There has been considerable turnover from the American team that won in 2017, including the entire catching corps of Buster Posey, Matthew LeCroy and A.J. Ellis. Their places have been taken by J.T. Realmuto of the Phillies and Will Smith of the Los Angeles Dodgers.
Jones won’t be back, and Stroman has elected to pitch for Puerto Rico (his mother is Puerto Rican). Fellow starters Chris Archer, Danny Duffy and Drew Smyly won’t return. Neither will bullpen workhorse Sam Dyson.
Houston Astros third baseman Alex Bregman, who had just four at-bats in 2017, won’t be back. Ian Kinsler is managing Team Israel. Chicago White Sox second baseman Josh Harrison, Milwaukee Brewers outfielder Christian Yelich, San Francisco Giants shortstop Brandon Crawford and Chicago Cubs first baseman Eric Hosmer also are non-returnees.
Rosters won’t be finalized until Feb. 7, but the most notable absentee from Team USA is Aaron Judge, the record-setting Yankee slugger who signed a nine-year, $360 million contract to remain in the Bronx and is sliding into a new role as the team’s first captain since Derek Jeter. Other American stars who likely will not be included are Minnesota Twins outfielder Byron Buxton, Pittsburgh Pirates outfielder Bryan Reynolds, Cubs shortstop Dansby Swanson, Texas Rangers shortstop Corey Seager and White Sox outfielder Andrew Benintendi.
Still, the U.S. squad is loaded. Trout, Mookie Betts, Trea Turner, Pete Alonso, Clayton Kershaw, Nestor Cortes Jr., Adam Wainwright and Devin Williams are among the notable Americans making their WBC debuts.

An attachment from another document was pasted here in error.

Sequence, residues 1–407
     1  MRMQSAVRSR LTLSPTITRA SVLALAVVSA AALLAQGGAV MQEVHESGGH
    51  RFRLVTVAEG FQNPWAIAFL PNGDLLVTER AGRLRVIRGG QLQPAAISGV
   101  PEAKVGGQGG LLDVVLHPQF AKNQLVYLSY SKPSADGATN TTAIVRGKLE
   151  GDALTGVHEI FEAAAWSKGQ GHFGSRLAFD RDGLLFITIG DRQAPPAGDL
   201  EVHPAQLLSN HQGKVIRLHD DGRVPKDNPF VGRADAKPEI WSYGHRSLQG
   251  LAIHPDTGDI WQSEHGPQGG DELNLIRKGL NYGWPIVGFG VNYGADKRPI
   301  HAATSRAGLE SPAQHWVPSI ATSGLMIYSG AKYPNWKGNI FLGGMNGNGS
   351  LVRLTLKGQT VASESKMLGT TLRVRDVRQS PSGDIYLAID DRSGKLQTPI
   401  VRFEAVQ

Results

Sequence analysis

The timing of the tournament — March 8 to March 21, a period when starting pitchers are still in the midst of stretching out their arms — makes bullpen composition so important. Williams, the Brewers closer, heads a bullpen that also includes Pirates closer David Bednar, Baltimore Orioles reliever Dillon Tate and Mets reliever Adam Ottavino.
Starting pitchers are headlined by Kershaw (Dodgers), Wainwright (St. Louis Cardinals), Cortes (Yankees) and Logan Webb (Giants). Kyle Freeland (Colorado Rockies), Brady Singer (Kansas City Royals) and Merrill Kelly (Arizona Diamondbacks) are other early commitments.
“I think the whole main reason we’re here is to win this thing,” Trout said. “All the other stuff is great, being able to play with each other, get to know each other a little bit more, but the only one thing on our mind is trying to win this whole thing.
“There’s a lot of great countries out there with a lot of great teams, but that’s the whole reason I signed up, is to win this thing and there’s nothing else, you know. Anything else is a failure.”
From an entertainment standpoint, there is also this: The possibility exists that Trout will face fellow Angels superstar Shohei Ohtani, who is playing for Team Japan.
“We talked about it during the year last year,” Trout said with a smile, “because I knew he was going to do it.
“I get a front-row seat every time he pitches when he’s with us. It’s pretty nasty. And every person I talk to that faces him says they don’t want to be in the box. It’s going to be interesting. I’m looking forward to it. He’s one of my good friends, so it’s going to be fun.”